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Proceedings Paper

Noninvasive imaging of oral premalignancy and malignancy
Author(s): Petra Wilder-Smith; T. Krasieva; W. Jung; J. Shik You; Z. Chen; K. Osann; B. Tromberg
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Paper Abstract

Objectives: Early detection of cancer and its curable precursors remains the best way to ensure patient survival and quality of life. Despite significant advances in treatment, oral cancer still results in 10,000 U.S. deaths annually, mainly due to the late detection of most oral lesions. Specific aim was to use a combination of non-invasive optical in vivo technologies to test a multi-modality approach to non-invasive diagnostics of oral premalignancy and malignancy. Methods: In the hamster cheek pouch model (120 hamsters), in vivo optical coherence tomography (OCT) and optical Doppler tomography (ODT) mapped epithelial, subepithelial and vascular change throughout carcinogenesis in specific, marked sites. In vivo multi-wavelength multi-photon (MPM) and second harmonic generated (SHG) fluorescence techniques provided parallel data on surface and subsurface tissue structure, specifically collagen presence and structure, cellular presence, and vasculature. Images were diagnosed by 2 blinded, pre-standardized investigators using a standardized scale from 0-6 for all modalities. After sacrifice, histopathological sections were prepared and pathology evaluated on a scale of 0-6. ANOVA techniques compared imaging diagnostics with histopathology. 95% confidence limits of the sensitivity and specificity were established for the diagnostic capability of OCT/ODT+ MPM/SHG using ROC curves and kappa statistics. Results: Imaging data were reproducibly obtained with good accuracy. Carcinogenesis-related structural and vascular changes were clearly visible to tissue depths of 2mm. Sensitivity (OCT/ODT alone: 71-88%; OCT+MPM/SHG: 79-91%) and specificity (OCT alone: 62-83%;OCT+MPM/SHG: 67-90%) compared well with conventional techniques. Conclusions: OCT/ODT and MPM/SHG are promising non-invasive in vivo diagnostic modalities for oral dysplasia and malignancy. Supported by CRFA 30003, CCRP 00-01391V-20235, NIH (LAMMP) RR01192, DOE DE903-91ER 61227, NIH EB-00293 CA91717, NSF BES-86924, AFOSR FA 9550-04-1-0101.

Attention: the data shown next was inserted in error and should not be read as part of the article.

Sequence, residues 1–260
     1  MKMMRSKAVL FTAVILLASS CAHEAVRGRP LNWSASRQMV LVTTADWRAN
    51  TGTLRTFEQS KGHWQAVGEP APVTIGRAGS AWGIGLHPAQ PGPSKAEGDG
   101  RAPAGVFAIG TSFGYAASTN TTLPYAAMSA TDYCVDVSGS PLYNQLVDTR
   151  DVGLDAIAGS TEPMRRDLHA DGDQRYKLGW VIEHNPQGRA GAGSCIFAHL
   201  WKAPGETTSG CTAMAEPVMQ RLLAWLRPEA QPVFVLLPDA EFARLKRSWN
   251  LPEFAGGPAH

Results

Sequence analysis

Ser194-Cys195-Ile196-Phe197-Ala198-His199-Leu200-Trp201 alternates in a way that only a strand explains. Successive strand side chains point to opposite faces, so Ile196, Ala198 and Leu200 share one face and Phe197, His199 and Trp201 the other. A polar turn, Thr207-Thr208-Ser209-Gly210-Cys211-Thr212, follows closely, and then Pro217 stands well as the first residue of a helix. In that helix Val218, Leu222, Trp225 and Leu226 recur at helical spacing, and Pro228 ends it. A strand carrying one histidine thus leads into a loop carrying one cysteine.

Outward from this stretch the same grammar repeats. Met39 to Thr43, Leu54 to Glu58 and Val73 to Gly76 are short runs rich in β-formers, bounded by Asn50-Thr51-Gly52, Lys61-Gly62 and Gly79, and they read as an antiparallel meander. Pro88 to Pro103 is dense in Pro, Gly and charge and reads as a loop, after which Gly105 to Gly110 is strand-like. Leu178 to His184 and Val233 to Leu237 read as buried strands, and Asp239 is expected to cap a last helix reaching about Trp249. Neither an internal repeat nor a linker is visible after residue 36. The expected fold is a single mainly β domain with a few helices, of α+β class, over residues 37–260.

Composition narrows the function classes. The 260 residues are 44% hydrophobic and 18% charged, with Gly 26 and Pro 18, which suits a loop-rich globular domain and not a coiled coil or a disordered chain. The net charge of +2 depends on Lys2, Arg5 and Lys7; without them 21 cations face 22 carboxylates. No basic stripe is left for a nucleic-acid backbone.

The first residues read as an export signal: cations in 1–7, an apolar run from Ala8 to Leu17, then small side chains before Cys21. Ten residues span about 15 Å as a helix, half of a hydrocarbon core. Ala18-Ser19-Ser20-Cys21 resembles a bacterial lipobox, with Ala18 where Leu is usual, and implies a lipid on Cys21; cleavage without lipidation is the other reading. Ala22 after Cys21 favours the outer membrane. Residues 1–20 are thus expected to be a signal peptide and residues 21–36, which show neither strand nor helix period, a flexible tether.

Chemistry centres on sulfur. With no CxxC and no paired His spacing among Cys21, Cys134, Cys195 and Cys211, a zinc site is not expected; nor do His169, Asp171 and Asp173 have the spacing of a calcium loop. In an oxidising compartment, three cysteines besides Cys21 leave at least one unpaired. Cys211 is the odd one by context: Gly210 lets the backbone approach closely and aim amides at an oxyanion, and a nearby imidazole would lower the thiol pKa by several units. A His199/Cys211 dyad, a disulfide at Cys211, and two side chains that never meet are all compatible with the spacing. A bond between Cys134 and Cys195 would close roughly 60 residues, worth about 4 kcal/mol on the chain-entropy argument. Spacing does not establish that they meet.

Paper Details

Date Published: 1 April 2005
PDF: 7 pages
Proc. SPIE 5692, Advanced Biomedical and Clinical Diagnostic Systems III, (1 April 2005); doi: 10.1117/12.591170
Show Author Affiliations
Petra Wilder-Smith, Beckman Laser Institute, Univ. of California/Irvine (United States)
T. Krasieva, Beckman Laser Institute, Univ. of California/Irvine (United States)
W. Jung, Beckman Laser Institute, Univ. of California/Irvine (United States)
J. Shik You, Beckman Laser Institute, Univ. of California/Irvine (United States)
Z. Chen, Beckman Laser Institute, Univ. of California/Irvine (United States)
K. Osann, Beckman Laser Institute, Univ. of California/Irvine (United States)
B. Tromberg, Beckman Laser Institute, Univ. of California/Irvine (United States)


Published in SPIE Proceedings Vol. 5692:
Advanced Biomedical and Clinical Diagnostic Systems III
Tuan Vo-Dinh; Warren S. Grundfest; David A. Benaron; Gerald E. Cohn, Editor(s)

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